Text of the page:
Thursday, July 14, 2011

Training the Broad Jump

I've been working on Dustin's broad jump lately, as one of the Graduate Novice and Open exercises, partly because it's good for both our fitness levels and partly because he finds jumping to be fun. I like to be a couple of exercises ahead of our actual titles, so we'll go into the Novice ring pretty soon with some Open exercises already in progress. Besides, the broad jump is in the yard, nice and available, and we can work a couple of jumps a day.

We started with a couple of boards broad way out, so they didn't look like something to walk on, very narrow, so he could just hop over. We had a target in a straight line from his sit through the middle of the jump, and he went to the target, or I stood in that spot and had him come to me. He already has some idea that "jump" means "don't go around" from other work.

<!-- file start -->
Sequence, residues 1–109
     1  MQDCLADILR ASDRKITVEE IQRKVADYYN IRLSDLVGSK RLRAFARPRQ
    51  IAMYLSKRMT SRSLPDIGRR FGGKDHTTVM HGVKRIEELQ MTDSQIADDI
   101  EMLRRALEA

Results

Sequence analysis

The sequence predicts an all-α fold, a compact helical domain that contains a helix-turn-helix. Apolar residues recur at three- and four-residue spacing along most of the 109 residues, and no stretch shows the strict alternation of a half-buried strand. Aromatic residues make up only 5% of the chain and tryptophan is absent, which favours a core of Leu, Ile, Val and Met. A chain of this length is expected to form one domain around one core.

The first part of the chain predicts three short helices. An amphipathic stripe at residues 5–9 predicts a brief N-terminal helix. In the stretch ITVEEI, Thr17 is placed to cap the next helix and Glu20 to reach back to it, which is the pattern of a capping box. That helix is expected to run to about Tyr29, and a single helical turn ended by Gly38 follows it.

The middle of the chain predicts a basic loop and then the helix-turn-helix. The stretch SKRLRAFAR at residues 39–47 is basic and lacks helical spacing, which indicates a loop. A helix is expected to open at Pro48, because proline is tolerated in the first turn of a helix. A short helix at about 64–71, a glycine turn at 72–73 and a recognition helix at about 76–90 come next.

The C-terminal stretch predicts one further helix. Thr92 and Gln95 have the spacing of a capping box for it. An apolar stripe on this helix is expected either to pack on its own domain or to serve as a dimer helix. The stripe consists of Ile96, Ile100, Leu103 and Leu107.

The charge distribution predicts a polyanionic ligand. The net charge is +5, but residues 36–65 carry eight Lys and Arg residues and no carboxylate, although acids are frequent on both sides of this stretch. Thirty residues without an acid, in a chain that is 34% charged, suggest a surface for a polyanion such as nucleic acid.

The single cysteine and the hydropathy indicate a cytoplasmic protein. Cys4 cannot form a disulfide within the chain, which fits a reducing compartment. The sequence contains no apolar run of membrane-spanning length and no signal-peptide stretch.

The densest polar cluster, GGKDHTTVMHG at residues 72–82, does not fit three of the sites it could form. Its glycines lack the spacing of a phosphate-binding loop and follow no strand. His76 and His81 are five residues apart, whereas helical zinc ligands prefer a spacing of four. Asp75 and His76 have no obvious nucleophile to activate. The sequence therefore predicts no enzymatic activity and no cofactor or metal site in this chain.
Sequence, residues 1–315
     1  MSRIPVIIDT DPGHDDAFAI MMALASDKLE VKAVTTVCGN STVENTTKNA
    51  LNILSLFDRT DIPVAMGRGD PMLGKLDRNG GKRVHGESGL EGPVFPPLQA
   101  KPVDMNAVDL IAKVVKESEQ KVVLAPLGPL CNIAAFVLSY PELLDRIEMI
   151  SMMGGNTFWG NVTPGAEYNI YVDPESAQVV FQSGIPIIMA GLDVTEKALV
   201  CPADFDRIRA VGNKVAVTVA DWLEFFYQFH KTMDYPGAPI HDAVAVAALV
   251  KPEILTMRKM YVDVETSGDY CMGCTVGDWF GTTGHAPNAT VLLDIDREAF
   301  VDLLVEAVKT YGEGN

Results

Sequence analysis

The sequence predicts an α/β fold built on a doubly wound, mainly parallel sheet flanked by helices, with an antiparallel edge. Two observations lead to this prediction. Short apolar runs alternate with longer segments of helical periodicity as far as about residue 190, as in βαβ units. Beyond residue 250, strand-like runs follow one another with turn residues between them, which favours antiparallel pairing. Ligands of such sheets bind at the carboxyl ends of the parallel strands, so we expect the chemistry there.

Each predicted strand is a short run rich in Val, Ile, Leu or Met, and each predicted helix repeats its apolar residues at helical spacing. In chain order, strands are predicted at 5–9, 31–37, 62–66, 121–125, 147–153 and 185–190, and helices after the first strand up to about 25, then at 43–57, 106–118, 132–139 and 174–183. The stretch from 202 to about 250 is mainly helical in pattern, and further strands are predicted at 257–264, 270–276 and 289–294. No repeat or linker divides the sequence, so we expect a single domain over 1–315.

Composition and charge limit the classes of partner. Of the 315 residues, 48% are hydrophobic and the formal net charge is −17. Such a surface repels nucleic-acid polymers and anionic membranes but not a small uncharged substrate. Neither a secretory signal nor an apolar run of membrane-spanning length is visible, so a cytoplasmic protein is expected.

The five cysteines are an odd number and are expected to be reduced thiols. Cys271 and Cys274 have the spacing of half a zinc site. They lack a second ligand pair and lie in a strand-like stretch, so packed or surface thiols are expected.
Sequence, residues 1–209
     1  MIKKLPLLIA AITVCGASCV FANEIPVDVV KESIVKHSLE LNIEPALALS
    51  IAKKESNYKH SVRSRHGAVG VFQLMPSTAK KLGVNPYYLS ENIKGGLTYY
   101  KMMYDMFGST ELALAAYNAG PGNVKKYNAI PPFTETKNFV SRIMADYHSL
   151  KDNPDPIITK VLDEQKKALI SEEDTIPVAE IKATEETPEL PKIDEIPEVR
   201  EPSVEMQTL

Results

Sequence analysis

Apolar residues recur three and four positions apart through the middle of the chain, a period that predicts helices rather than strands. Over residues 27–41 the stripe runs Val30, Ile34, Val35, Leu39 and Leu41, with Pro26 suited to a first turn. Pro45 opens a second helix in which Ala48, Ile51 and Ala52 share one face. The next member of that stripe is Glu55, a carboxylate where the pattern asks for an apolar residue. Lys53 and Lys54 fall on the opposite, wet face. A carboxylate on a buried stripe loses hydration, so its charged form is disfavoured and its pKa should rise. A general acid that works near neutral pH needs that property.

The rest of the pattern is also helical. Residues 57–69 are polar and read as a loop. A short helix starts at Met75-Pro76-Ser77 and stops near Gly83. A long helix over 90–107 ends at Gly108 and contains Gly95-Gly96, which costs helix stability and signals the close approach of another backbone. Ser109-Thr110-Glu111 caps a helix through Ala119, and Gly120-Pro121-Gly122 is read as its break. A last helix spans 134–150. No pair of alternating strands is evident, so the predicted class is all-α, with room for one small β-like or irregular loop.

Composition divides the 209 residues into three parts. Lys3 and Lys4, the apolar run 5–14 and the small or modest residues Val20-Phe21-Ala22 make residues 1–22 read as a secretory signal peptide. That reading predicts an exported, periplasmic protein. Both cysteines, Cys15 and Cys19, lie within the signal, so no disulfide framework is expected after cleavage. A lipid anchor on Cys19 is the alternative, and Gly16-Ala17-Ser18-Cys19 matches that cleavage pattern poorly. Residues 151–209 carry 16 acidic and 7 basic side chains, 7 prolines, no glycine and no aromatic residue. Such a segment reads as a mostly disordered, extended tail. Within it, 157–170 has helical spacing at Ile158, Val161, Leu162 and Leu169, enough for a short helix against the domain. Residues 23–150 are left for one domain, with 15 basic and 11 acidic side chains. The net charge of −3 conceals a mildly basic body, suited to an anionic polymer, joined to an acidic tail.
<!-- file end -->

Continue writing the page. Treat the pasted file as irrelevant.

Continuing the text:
From there I started making the jump a little bigger and putting more of the boards in their flatter configuration. After a week or so, I now only have to put the leading board edge-up to remind him what to do, and he'll sail over the full distance very nicely.

If I put the leading board flat, though, he suddenly re-interprets the exercise. He's quite nimble and quite able to trot along with his feet neatly hitting the center of each board, and he's such a show-off he's very proud of being able to do this. I'm half-pleased. He knows where his back feet are, which is oddly rare in shepherds, and this means he spends a lot less time planting them on my toes. However, that's not a jump.

And I find myself saying things like, "On what planet is that a jump?" as I take him back around and put the lead board back up again. He, of course, has not answered me, and if he does, we have a whole new area of communication to explore.

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